NAC..'00 VW Passat 4Motion...$7200 in repairs!!!

Dan Cordon cord4530 at
Fri Jun 10 17:21:26 EDT 2005

Not to be argumentative, or flamatory, but this post is way off. I don't 
think posts like this should be left in the archive w/o a subsequent 
post to help clear it up.

> Catalytic converters are a bunch of crap anyway! They do not work! Do what
> many people I know do on all their cars. Take a hole saw with a long
> extension, take out your cat, and drill the thing out. Or get a "Test pipe"
> if there is one made for your car. Ether way, nuke the thing.

How is 'crap' defined? Is it because they can hurt performance? Or 
because they don't improve emissions? Or because they have been eaten 
and subsequently expelled by something? While cat. converters were a 
significant exhaust restriction in mid 1970's cars, they are virtually 
transparent in more modern vehicles. Unless you're trying to push 
significantly more exhaust through a stock cat, hollowing it out won't 
make any performance improvement. However, if you cat has melted, then's a restriction. You may consider replacing it rather than 
hollowing it out. In some cases, the induced turbulence of a 'hollowed' 
cat can actually decrease performance of a vehicle.

> A number of newer cars now have multiple O2 sensors, one before the cat and
> another after. Unfortunately, our USDM car computers require an O2 input to
> run properly, so you cannot do away with the buggers altogether. However,
> the O2 sensor that is located after the cat is usually only there to monitor
> the cat and has nothing to do with fuel mixture. You can cut it out and buy
> a $30 O2 emulator to keep the Computer, the EPA and your Check Engine lights
> happy.

Every USDM new car since 1996 is required to have a pre and post cat O2 
sensor. In *most* cases, the rear O2 sensor is just to tell the ECU that 
the cats aren't functioning like they should. However, there's nothing 
unfortunate about 'requiring' an O2 input to the ECU. While a modern car 
will likely run just fine w/o any O2 feedback, it's also going to get 
worse fuel economy, or produce more of the undesirable exhaust species. 
Would you prefer your ECU to control the engine w/o any idea what the 
results are? I suppose you could just pull the O2 sensor wiring and put 
some black tape over the CEL. Maybe that's what we should recommend to 
everyone who'd having problems passing emissions. <joking>

> Every car that I have seen without it's cat's shows better numbers on the
> emission tests than it did with them. Those things are bogus, much like O2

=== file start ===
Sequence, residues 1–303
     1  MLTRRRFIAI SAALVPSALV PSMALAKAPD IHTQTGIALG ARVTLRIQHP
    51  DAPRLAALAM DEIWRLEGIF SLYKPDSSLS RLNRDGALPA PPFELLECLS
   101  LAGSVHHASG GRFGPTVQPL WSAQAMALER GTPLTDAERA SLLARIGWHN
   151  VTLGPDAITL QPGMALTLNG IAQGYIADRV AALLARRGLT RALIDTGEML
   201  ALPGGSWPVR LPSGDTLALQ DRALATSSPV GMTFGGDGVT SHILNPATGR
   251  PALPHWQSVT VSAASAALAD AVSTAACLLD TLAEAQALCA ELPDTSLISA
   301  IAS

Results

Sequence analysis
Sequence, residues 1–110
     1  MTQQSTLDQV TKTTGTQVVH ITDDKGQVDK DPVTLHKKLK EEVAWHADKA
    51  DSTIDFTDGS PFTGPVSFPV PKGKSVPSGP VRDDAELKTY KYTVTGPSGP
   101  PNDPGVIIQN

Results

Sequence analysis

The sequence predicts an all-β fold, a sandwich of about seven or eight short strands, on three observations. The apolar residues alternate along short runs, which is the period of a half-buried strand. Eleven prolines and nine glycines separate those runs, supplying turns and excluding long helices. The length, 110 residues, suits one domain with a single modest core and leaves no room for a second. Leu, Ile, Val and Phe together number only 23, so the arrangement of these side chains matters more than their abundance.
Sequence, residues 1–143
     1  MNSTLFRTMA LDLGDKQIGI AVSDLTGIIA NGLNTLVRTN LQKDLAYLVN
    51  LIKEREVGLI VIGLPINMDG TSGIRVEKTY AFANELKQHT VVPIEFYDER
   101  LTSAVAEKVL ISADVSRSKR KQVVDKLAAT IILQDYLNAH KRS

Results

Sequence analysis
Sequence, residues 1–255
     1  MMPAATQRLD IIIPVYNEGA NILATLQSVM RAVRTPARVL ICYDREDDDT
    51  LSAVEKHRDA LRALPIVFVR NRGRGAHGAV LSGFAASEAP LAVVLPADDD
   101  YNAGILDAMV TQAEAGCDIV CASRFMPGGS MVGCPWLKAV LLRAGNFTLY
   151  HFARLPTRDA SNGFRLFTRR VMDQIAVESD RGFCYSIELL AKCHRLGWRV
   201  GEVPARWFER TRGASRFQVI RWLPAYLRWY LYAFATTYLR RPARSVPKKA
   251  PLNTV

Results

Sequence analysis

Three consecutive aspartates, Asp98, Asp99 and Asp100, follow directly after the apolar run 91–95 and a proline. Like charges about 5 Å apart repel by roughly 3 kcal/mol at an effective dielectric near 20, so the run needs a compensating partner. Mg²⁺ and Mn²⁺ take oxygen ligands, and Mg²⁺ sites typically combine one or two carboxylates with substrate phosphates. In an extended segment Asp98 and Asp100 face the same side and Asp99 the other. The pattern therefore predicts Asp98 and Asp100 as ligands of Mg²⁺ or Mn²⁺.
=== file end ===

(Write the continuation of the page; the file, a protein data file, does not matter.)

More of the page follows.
> sensors, and only work under certain conditions for certain problems in a
> lab. In the real world, when they malfunction, they will cause more harm to
> your car and to the environment in a week than the benefits they supposedly
> provided over a lifetime. Japan, the most environmentally conscious country
> in the world, does not use cats or O2 sensors for just that reason.

I can think of very few cases where this would be true at all. What do 
you consider better numbers? Have you actually seen any tests where 
emissions improved after removing the cat? Catalytic converters aren't 
just for lab situations. They are completely passive, and only require 
reaching operating temperature to function continuously. O2 sensors also 
work after only seconds of engine operation. They are used in all 
conditions *except* high throttle acceleration (where a stoichiometric 
mixture isn't necessarily desired). These conditions have little to do 
with 'laboratory' environments.

Makes one wonder...if cat. converters *aren't* helping, why are we using 
them? Maybe it's a conspiracy...the EPA has a LOT of extra platinum it 
wants to cash in on to overthrow.....

> Ohh and the partial reason that some cats cost so much is because the
> leading tips of the honeycombs are now made of Platinum.

Yep...they are now, and pretty much always have been. Platinum is one of 
the more common catalysts. If they didn't have a catalyst, they would 
just be called "unreactive honeycomb sections" and not catalytic 
converters. :o)

Dan Cordon
Mechanical Engineer
University of Idaho - Engine Research Facility

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